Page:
Terry Gaasterland, Natalia Maltsev, Ross Overbeek, Evgeni Selkov
Mathematics and Computer Science Division, Argonne National Laboratory, Argonne, IL 60439
Through PUMA, MAGPIE, and metabolic reconstruction algorithms, we carry genome interpretation beyond the identification of gene products to a customized view of an organism's functional properties.
MAGPIE is a system designed to reside locally at the site of a genome project and actively carry out analysis of genome sequence data as it is generated. DNA sequences produced in a sequencing project mature through a series of stages that each require different analysis activities. Even after DNA has been assembled into contiguous fragments and eventually into a single genome, it must be regularly reanalyzed. Any new data in public sequence databases may provide clues to the identity of genes. Over a year, for 2 megabases with 4-fold coverage, MAGPIE will request on the order of 100,000 outputs from remote analysis software, manipulate and manage the output, update the current analysis of the sequence data, and monitor the project sequence data for changes that initiate reanalysis.
PUMA is a Web-based system offering integrated access to metabolic pathways, multiple sequence alignments, compounds, sequences, and gene products together with a general overview function. Effective interpretation of genomic sequence requires a functional overview, the ability to embed sequence data within a metabolic framework, alignments that integrate specific genes and corresponding proteins within a broader context, and a phylogenetic perspective. Beyond creating an integrated universe of biological data relevant to sequence interpretation, PUMA aims to support customized functional overviews for a large number of organisms. Over 200 such customized overviews are supported in the current release. These 200 include each well-represented organism in the sequence databases. A PUMA functional overview for an organism is generated by projecting the functions that have been assigned to gene products onto a general functional overview.
There are a number of possible perspectives around which general functional overviews can be constructed. The motivating force behind the PUMA functional overview is to create functional slots to hold the 12,000 alignments (from the collection generated and maintained by Randy Smith and his colleagues) and the 1600 metabolic pathway diagrams (extracted and provided by Evgeni Selkov from the Enzymes and Metabolic Pathways database). Since no single perspective determines an obviously superior functional organization, PUMA implements and graphically presents alternative organizations.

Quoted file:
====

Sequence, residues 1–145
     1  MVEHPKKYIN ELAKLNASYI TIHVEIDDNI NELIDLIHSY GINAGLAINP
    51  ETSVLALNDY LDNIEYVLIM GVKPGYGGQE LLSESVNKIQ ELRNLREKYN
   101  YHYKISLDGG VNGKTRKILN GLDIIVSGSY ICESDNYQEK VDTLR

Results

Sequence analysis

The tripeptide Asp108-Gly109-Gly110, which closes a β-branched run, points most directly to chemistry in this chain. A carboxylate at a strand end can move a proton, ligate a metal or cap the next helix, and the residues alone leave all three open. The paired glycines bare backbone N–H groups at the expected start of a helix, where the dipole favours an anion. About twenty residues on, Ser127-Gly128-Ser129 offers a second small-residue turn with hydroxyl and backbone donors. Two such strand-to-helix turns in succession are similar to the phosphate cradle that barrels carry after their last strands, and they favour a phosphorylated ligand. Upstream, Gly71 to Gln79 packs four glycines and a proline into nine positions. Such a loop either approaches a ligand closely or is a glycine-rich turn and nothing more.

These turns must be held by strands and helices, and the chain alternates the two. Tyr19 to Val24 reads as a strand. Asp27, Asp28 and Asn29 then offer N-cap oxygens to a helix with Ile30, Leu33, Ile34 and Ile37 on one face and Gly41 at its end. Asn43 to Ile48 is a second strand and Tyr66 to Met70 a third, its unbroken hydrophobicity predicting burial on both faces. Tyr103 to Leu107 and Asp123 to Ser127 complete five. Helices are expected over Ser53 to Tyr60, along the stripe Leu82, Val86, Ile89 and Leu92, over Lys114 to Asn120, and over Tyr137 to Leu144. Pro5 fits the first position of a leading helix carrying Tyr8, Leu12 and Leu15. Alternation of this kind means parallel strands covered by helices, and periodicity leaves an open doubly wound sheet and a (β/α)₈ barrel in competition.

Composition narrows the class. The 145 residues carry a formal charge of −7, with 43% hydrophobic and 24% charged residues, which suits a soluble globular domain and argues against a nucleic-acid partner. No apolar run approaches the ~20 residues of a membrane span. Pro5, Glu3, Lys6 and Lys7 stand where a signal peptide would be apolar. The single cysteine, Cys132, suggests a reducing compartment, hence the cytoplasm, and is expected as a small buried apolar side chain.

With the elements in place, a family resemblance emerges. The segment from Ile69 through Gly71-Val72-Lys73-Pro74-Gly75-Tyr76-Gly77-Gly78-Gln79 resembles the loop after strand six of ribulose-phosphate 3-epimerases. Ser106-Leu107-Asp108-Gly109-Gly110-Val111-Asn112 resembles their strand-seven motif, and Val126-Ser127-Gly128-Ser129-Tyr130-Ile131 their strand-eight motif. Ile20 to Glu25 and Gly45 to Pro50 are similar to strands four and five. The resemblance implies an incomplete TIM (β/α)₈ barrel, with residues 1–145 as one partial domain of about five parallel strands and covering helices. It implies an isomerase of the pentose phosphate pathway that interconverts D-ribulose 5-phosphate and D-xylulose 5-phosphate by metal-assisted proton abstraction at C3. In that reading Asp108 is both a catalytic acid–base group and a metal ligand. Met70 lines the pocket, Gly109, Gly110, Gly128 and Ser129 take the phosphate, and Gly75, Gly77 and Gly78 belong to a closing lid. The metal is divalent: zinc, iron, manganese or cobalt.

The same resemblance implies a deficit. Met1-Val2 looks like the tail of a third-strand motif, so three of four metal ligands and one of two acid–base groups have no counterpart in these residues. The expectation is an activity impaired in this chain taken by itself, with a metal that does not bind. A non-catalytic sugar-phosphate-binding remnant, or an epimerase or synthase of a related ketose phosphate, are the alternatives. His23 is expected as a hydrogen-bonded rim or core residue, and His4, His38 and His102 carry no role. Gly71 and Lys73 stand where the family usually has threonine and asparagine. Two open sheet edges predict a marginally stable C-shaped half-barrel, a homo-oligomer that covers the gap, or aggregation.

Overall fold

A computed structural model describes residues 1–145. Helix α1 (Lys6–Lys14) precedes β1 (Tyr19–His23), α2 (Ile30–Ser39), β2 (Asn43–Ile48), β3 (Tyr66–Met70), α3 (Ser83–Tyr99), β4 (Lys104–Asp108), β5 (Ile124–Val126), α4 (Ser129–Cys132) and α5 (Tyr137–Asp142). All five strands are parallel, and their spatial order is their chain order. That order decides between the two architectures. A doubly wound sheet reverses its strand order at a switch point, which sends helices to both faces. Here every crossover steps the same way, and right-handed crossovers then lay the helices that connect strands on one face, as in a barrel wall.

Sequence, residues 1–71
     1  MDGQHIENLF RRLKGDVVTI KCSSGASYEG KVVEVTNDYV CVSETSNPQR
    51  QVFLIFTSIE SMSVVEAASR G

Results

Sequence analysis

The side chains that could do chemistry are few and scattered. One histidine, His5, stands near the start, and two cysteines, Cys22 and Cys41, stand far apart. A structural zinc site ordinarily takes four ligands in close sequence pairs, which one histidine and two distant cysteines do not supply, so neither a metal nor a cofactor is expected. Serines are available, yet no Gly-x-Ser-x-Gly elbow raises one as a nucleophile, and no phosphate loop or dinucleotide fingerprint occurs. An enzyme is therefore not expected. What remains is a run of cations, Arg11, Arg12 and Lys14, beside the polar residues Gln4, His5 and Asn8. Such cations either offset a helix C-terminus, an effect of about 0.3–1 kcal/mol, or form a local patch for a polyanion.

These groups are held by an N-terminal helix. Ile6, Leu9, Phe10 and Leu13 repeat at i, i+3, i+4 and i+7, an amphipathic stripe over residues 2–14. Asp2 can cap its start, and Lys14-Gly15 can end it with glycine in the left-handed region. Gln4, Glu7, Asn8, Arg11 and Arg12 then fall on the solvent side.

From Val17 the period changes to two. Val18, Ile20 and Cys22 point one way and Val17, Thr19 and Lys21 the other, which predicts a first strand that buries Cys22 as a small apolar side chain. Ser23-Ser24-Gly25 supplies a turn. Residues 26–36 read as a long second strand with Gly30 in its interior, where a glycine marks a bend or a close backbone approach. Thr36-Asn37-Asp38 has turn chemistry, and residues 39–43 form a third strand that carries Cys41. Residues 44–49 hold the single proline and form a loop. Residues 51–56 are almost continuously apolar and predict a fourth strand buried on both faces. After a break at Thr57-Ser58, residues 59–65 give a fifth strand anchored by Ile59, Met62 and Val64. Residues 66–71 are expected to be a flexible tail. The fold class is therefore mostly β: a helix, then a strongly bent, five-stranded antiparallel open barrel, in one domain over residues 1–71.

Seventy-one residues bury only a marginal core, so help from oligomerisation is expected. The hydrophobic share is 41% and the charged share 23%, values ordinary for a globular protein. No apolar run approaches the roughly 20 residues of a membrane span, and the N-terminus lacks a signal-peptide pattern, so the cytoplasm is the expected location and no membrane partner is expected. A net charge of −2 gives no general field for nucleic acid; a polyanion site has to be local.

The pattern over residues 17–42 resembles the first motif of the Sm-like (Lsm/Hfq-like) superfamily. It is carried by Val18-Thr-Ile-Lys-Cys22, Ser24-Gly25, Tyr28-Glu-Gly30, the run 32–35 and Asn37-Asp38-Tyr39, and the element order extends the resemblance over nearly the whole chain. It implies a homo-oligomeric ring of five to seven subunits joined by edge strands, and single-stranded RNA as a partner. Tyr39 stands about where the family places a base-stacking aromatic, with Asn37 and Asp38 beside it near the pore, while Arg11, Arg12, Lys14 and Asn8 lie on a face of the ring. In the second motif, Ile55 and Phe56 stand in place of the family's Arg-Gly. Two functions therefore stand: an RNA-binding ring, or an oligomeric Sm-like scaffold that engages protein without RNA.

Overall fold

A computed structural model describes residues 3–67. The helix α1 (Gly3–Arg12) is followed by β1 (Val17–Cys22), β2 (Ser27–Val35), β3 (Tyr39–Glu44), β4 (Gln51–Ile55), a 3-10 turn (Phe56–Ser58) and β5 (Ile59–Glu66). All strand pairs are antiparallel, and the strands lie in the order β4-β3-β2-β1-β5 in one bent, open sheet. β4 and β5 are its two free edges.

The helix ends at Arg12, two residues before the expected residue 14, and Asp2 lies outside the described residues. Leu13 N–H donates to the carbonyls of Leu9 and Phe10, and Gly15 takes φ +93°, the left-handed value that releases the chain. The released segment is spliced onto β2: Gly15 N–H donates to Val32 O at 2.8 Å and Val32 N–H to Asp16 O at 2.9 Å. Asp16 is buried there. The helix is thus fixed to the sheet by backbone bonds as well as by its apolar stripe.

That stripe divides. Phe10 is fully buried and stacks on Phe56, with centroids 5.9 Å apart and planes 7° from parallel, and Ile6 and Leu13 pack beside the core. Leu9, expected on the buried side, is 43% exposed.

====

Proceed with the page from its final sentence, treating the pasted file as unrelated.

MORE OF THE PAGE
Once the functional overview has been established, it remains to pinpoint the organisms' exact metabolic pathways and establish how they interact. This task, which we call metabolic reconstruction, begins by producing a set of established enzymes (i.e., enzymes with strong similarities in identified coding regions to existing sequences for which the enzymatic function is known) and putative enzymes (i.e., enzymes with weak similarity to sequences of known function). From these initial "hits", within a phylogenetic perspective, we identify an initial set of pathways. This set can be used to generate a set of expected enzymes (i.e., enzymes that have not been clearly detected, but that would be expected given the set of hypothesized pathways) and missing enzymes (i.e., enzymes that occur in the pathways but for which no sequence has yet been biochemically identified for any organism). Further reasoning identifies tentative connective pathways and necessary pathways, as follow from growth medium requirements.
*Work supported in part by a grant from the Director, Office of Energy Research, Office of Health and Environmental Research of the U.S. Department of Energy under contract XX-XX-NN-NNNNN.
 T. Gaasterland and C. Sensen, MAGPIE: A Multipurpose Automated Genome Project Investigation Environment for Ongoing Sequencing Projects. In Bacterial Genomes: Physical Structure and Analysis, ed. G. Wienstock et al. (to appear).
 T. Gaasterland, J. Lobo, N. Maltsev, and G. Chen. Assigning Function to CDS Through Qualified Query Answering. In Proc. 2nd Int. Conf. Intell. Syst. for Mol. Bio., Stanford U. (1994).
 T. Gaasterland and E. Selkov. Automatic Reconstruction of Metabolic Structure from Incomplete Genome Sequence Data. In Proc. Int. Conf. Intell. Syst. for Mol. Bio., Cambridge, England (1995).
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